• Since the NFRC announcement of a commercial program reboot and my blog, I’ve heard from a few people about their frustrations with the current program and its software bugs. The folks at NFRC surely have a hill to climb on this one as it sounds like more than just collaboration is needed to fix the program.
  • A few weeks ago I wrote about the glazier certification movement, NACC, and noted that the first certified companies were due in July. Well the first four to make it through the process have been certified, and from what I understand several others sit in the queue awaiting final approvals. This is a big movement for the industry; it has the potential to at least give credit to those organizations that are doing business the right way. I believe you will see more on this in the coming weeks and months.

Now for the non-certification pieces of the week…

  • Can those of you who live in the states with full service gas stations (New Jersey, Oregon) explain to me why? It is just so bizarre for me to pull up to a station and have someone swipe my card and pump my gas. I’m amazed that some states still even have it.
  • I really enjoyed this article by Bryan Bush about the value of GlassBuild America. Bryan is currently the chairman of the board of the NGA and a very successful businessman in his role at City Glass in Omaha, Nebraska. He knows what value is and I think gets the message across nicely here.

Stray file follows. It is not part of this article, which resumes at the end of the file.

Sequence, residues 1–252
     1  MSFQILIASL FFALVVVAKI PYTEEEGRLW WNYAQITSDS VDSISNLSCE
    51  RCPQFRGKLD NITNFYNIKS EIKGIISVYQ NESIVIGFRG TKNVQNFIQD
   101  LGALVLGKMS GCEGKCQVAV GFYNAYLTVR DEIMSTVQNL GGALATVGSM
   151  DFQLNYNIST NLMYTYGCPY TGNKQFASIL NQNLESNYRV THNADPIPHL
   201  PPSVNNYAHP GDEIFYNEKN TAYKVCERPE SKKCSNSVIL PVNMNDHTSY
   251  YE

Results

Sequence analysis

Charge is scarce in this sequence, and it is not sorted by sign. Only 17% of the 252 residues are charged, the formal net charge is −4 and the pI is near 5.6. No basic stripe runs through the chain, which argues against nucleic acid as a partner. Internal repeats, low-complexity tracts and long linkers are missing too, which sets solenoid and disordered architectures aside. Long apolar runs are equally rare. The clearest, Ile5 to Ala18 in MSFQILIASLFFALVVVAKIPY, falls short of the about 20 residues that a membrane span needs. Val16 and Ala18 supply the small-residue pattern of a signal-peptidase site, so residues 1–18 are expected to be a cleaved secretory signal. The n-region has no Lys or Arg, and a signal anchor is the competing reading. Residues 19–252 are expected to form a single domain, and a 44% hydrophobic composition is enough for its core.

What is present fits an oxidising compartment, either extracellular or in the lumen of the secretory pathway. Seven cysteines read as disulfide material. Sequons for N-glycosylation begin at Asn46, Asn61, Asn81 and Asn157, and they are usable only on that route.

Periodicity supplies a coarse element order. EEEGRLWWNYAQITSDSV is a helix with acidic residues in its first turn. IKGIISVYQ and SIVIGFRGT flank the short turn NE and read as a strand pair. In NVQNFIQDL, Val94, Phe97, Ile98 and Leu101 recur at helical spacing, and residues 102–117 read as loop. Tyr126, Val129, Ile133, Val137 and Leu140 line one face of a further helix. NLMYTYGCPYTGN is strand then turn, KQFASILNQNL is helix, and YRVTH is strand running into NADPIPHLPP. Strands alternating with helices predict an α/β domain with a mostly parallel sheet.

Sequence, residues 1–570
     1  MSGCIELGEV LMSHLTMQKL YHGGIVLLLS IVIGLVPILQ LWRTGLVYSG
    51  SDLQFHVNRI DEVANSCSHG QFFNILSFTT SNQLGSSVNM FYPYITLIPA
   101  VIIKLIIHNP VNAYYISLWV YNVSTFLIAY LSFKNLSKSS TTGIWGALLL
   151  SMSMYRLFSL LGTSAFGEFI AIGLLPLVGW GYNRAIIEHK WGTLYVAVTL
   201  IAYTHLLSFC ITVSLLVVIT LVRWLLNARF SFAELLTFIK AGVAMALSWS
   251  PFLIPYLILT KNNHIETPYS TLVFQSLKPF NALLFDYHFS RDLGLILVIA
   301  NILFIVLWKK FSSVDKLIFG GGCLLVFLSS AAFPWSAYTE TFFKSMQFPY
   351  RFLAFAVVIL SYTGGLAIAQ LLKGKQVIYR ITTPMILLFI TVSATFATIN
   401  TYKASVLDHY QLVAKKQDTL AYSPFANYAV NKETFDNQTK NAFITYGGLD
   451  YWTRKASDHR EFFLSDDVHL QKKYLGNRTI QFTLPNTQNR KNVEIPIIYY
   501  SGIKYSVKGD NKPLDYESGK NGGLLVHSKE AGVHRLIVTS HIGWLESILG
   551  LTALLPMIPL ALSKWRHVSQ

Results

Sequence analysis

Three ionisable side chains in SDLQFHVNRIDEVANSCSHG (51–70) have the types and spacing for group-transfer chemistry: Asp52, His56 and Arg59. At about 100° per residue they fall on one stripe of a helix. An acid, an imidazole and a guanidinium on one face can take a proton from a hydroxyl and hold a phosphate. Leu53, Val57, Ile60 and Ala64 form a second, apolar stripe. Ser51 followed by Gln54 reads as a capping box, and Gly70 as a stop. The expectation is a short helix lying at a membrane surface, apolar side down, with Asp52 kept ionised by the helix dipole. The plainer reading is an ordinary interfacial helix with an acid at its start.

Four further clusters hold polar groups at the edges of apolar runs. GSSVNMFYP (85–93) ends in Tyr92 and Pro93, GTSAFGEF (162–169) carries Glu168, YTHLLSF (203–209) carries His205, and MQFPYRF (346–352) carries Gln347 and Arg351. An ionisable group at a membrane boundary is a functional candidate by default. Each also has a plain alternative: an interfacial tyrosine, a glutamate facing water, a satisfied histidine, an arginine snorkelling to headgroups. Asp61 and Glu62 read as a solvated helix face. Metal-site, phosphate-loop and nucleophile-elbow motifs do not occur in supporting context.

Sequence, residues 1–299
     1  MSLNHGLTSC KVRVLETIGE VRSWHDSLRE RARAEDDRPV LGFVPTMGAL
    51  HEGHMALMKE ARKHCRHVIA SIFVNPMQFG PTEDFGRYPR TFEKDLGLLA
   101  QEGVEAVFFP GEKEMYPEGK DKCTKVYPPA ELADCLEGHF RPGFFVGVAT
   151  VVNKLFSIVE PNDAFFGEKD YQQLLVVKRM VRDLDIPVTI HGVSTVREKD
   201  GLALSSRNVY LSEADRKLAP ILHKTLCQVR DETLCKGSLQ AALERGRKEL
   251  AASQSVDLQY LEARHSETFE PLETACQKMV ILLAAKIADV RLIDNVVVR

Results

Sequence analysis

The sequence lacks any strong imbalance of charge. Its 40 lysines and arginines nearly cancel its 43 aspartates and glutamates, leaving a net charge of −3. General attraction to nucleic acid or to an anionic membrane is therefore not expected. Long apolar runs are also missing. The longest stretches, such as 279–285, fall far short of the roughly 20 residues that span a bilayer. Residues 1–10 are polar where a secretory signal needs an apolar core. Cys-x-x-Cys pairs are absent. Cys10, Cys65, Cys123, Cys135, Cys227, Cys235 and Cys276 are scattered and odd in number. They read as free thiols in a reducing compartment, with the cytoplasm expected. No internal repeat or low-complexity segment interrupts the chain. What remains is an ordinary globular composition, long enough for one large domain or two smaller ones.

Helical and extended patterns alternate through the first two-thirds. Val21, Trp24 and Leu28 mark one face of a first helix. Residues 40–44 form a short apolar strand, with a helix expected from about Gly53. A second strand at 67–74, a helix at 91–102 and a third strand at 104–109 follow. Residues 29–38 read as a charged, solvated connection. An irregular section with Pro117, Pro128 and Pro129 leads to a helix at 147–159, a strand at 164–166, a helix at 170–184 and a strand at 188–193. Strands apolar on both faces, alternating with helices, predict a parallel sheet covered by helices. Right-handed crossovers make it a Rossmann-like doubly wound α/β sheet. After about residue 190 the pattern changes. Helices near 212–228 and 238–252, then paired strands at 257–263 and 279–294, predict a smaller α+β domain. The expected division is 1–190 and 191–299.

• Last this week, can you believe it is August? This year seems to be flying at a record pace. Fall is now so close you can see it, especially with football starting up within the next 30 days or so. I know many parts of the country are going through serious heat waves, but I for one am not ready to return to the subarctic temps that we get in winter. So world… time… slow down some, eh?

Read on for links and video of the week... 

Max Perilstein is founder of Sole Source Consultants, a consulting firm for the building products industry that specializes in marketing, branding, communication strategy and overall reputation management, as well as website and social media, and codes and specifications. E-mail him at MaxP@SoleSourceConsultants.com.

The opinions expressed here are those of the individual author and do not necessarily reflect those of the National Glass Association, Glass Magazine editors, or other glassblog contributors.